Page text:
White male scientist slams sexist trolls using his work on black hole project for 'sexist vendetta' against Katie Bouman, the researcher who worked on the crucial algorithm that led to capturing the first-ever image of a black hole

Katherine Bouman, a 29-year-old researcher who worked on the crucial algorithm that led to capturing the first-ever image of a black hole, has become the target of online sexist trolls seeking to discredit her work on the historic project.
After the National Science Foundation on Wednesday revealed the first-ever image captured of a black hole, another image began to make the rounds on social media showing Bouman reacting with excitement to the photo of the mass.
The photo that showed Bouman with her hands clasping her face as she reacted to the team’s achievement became an instant symbol for female representation in STEM.

But since she's received her newfound fame, a number of sexist trolls on Reddit and Twitter have circulated memes contrasting Bouman's work with that of Andrew Chael, a white male scientist who is also a member of the Event Horizon Telescope team behind the black hole project. 
In memes that have quickly gone viral on the platforms, trolls said Chael was actually the one responsible for “850,000 of the 900,000 lines of code that were written in the historic black-hole image algorithm” and had done all of the actual work in the project.

But Chael was quick to correct that narrative, arguing it was sexist, with a thread of his own on Thursday that has since gone viral.
“So apparently some (I hope very few) people online are using the fact that I am the primary developer of the eht-imaging software library ... to launch awful and sexist attacks on my colleague and friend Katie Bouman. Stop,” he began in the Twitter thread.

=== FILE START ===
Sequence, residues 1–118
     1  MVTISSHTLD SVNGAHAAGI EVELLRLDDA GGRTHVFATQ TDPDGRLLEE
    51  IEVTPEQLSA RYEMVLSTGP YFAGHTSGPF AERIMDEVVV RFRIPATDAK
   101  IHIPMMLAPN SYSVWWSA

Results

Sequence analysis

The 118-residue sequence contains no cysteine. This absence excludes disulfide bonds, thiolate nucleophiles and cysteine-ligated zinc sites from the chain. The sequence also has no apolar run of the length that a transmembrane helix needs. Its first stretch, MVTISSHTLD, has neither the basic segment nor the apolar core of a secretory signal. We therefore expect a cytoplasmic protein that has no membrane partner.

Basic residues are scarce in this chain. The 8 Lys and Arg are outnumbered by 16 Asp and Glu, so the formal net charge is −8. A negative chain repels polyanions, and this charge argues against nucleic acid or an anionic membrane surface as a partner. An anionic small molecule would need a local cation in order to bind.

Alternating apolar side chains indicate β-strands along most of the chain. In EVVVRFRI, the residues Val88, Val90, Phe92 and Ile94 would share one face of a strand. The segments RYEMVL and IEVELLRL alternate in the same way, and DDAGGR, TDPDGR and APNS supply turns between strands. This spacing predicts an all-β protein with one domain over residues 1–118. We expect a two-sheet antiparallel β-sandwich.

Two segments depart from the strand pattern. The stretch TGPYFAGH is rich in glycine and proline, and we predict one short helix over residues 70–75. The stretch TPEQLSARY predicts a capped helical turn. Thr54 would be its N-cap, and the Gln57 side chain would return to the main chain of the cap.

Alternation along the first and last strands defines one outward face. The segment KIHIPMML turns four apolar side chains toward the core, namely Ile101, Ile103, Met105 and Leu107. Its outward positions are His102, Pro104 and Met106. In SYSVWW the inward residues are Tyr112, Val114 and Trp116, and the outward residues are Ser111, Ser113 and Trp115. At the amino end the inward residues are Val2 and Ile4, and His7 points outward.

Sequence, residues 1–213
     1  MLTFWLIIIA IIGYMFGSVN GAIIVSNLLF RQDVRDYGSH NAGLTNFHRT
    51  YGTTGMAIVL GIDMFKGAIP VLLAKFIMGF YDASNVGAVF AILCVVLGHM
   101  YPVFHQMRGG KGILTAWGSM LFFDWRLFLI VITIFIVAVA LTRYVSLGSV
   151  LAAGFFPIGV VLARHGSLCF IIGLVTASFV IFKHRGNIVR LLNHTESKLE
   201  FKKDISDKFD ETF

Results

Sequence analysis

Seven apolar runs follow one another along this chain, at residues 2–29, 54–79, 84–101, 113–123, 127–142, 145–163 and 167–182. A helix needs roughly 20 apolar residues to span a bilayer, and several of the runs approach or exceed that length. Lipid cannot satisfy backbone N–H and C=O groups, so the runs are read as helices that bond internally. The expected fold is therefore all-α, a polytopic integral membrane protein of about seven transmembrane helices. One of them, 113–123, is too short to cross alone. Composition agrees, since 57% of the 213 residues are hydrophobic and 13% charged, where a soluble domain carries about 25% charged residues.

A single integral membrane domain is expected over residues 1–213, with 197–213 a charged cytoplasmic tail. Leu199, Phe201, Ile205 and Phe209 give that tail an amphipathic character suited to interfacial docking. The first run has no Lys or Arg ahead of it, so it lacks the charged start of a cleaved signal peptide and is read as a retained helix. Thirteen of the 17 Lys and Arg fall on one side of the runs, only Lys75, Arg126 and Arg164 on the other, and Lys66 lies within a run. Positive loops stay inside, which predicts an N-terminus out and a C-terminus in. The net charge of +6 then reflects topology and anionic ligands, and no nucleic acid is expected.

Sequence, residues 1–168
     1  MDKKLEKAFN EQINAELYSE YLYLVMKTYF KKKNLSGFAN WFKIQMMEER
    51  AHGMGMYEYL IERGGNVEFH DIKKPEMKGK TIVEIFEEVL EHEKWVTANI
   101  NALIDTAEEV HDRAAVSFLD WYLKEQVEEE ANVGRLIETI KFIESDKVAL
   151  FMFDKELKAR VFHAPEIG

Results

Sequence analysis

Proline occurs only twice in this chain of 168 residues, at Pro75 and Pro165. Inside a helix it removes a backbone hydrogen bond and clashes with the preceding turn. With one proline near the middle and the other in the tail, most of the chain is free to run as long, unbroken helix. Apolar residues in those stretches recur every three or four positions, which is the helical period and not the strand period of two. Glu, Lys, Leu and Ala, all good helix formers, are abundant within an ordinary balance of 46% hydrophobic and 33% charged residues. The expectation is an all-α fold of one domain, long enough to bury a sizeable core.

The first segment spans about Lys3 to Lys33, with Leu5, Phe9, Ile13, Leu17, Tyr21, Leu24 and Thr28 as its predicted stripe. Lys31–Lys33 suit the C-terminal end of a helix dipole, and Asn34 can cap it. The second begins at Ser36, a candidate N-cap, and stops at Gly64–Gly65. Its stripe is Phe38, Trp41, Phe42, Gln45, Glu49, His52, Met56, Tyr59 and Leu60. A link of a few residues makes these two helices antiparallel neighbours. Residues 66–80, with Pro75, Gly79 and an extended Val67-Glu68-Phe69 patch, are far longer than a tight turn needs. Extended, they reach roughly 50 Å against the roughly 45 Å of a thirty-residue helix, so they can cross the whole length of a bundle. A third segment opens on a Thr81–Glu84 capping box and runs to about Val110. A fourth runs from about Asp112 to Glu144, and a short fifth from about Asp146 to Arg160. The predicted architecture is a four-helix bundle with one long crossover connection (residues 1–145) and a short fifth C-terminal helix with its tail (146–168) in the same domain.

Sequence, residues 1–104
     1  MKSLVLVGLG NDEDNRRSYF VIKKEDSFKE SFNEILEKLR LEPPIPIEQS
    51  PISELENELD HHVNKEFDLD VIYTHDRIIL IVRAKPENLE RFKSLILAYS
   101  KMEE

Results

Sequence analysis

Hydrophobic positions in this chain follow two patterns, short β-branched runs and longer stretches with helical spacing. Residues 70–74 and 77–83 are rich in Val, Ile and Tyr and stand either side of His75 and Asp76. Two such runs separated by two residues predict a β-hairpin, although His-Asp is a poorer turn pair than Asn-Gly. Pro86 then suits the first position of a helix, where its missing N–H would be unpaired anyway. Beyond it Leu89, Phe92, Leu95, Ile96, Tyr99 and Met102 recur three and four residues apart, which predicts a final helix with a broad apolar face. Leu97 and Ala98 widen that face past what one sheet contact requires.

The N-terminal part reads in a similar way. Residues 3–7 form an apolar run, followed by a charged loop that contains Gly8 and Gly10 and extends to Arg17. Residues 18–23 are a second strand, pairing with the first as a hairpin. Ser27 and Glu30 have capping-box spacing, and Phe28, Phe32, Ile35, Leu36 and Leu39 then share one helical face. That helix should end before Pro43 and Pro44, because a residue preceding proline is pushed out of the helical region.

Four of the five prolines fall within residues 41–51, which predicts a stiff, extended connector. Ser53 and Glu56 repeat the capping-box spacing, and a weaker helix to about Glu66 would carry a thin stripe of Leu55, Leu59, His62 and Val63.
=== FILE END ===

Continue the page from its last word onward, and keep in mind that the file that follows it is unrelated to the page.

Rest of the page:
“Our papers used three independent imaging software libraries (including one developed by my friend @sparse_k). While I wrote much of the code for one of these pipelines, Katie was a huge contributor to the software; it would have never worked without her contributions and the work of many others who wrote code, debugged, and figured out how to use the code on challenging EHT data.”

“I'm thrilled Katie is getting recognition for her work and that she's inspiring people as an example of women's leadership in STEM. I'm also thrilled she's pointing out that this was a team effort including contributions from many junior scientists, including many women junior scientists,” he continued. “Together, we all make each other's work better; the number of commits doesn't tell the full story of who was indispensable.”
“So while I appreciate the congratulations on a result that I worked hard on for years,” he added, “if you are congratulating me because you have a sexist vendetta against Katie, please go away and reconsider your priorities in life. Otherwise, stick around — I hope to start tweeting more about black holes and other subjects I am passionate about — including space, being a gay astronomer, Ursula K. Le Guin, architecture, and musicals. Thanks for following me, and let me know if you have any questions about the EHT!”
Chael also made sure to clarify that he did not write "850,000 lines of code" for the project and said "there are about 68,000 lines in the current software, and I don't care how many of those I personally authored."
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